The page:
People in the North Ossitan town of Belsan Thursday began three days of mourning to mark a year since Chechen gunmen seized a local school. More than 300 people - mostly children - died in a chaotic battle between security forces and the gunmen that ended the siege.
Bells tolled on the exact moment a year ago when Chechen gunmen, demanding an end to the war in Chechnya, entered School Number One in Beslan and took more than 1,000 people hostage. Families and friends of those killed and injured, as well as many of the hostages who survived gathered at the gutted gymnasium of the old school with flowers and lit candles in their hands.
They had to pass through metal detectors before making their way into the ruins of the gymnasium, the walls of which stand as a reminder of the massacre that took place there on September 1, 2004.
It was in the gym that some 30 masked Chechen gunmen set mines and booby-traps just centimeters away from the hostages, whom they denied food and water. The hostage-taking came to an end three days later amid a series of explosions, a firefight and fire.
The walls of the gym are covered with photos of the victims - nearly 200 of them children - and underneath are burning candles, stuffed animals and piles of red carnations - the traditional flower of mourning in Russia. The streets outside the school were lined with police.
Russian President Vladimir Putin, declared unwelcome by many in Beslan, instead visited students and teachers in the southern Russian city of Krasnodar.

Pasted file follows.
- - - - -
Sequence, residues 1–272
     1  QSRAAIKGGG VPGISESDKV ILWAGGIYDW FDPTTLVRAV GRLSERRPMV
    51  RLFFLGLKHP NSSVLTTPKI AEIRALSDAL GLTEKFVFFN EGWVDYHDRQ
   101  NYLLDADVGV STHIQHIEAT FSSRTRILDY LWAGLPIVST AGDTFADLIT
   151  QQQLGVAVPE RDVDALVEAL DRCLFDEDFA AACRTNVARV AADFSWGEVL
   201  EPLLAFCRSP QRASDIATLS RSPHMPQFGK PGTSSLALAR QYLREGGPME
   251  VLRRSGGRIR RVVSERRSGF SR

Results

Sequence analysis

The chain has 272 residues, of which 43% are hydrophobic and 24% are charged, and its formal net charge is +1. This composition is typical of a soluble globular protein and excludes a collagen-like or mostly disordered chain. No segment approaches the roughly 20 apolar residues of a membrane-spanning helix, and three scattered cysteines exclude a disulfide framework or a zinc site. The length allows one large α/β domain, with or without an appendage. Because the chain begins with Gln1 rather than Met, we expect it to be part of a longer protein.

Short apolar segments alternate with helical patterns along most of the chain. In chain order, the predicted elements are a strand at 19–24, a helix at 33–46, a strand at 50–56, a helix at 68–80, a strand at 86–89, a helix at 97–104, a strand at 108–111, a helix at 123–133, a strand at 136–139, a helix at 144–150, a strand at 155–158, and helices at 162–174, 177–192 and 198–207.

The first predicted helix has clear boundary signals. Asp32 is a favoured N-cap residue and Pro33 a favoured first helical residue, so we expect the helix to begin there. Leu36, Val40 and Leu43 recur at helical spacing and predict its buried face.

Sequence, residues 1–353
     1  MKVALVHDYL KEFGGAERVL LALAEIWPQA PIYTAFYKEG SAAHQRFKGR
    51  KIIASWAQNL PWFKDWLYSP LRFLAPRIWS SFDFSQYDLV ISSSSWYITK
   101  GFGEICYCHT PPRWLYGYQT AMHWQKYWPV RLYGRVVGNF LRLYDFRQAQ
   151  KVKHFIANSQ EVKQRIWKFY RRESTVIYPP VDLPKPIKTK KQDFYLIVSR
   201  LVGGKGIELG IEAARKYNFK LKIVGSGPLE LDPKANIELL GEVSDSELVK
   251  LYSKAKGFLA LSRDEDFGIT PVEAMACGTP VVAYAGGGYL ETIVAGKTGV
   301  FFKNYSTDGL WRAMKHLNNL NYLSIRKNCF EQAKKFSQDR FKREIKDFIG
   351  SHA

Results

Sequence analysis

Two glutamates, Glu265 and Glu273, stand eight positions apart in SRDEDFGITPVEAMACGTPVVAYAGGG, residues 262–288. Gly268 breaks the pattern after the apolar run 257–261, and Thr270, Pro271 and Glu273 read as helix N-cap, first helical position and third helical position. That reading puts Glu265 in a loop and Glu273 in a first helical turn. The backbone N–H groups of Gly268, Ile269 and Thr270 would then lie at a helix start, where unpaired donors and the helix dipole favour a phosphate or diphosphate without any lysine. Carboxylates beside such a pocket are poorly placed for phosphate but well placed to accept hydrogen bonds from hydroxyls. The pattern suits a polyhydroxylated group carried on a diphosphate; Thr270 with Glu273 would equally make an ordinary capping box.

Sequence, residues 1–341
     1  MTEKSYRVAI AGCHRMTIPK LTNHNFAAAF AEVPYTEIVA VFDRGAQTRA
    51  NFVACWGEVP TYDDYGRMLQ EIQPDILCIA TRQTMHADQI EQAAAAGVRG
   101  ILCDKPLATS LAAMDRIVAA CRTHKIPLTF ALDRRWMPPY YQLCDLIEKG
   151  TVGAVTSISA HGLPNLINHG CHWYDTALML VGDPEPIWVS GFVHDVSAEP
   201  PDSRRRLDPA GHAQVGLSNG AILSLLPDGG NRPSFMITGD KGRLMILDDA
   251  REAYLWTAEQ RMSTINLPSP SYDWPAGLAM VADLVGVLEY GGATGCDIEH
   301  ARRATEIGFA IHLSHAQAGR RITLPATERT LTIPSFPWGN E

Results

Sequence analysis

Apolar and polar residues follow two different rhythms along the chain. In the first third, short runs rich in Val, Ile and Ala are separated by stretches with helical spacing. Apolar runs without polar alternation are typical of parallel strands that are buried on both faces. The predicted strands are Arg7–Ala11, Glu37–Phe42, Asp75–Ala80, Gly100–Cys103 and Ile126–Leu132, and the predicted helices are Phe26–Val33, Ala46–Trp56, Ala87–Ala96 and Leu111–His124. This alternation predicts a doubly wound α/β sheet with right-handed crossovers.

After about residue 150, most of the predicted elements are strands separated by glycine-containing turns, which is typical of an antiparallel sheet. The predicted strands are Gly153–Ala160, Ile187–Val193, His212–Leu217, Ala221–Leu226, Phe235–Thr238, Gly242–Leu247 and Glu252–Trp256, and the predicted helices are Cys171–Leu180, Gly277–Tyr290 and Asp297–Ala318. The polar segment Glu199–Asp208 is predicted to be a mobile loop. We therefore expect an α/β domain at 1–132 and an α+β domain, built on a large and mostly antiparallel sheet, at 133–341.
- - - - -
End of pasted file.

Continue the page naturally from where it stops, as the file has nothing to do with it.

In remarks broadcast on Russian television, President Putin asks the group to observe a minute of silence for all those who he said suffered at the hands of terrorists in Beslan. "Let us not speak useless words," he said.
Many families of the Beslan victims say there are still more questions than answers about how such a tragedy could happen in the first place. Others accuse the Russian government, which has yet to disclose findings of the official investigation, of covering up a bungled Russian rescue operation and shielding high-level officials from blame.
Chief among the critics is the Beslan Mothers Committee, a local advocacy group, which has been demanding a meeting with President Putin for the past year. That request was addressed late last week, with Kremlin officials saying President Putin would meet the mothers this Friday.
Many of the women say the timing is suspect, given the anniversary, and that they would much prefer to spend the time beside their children's graves. But others say they plan to go to Moscow in the hopes of getting some answers.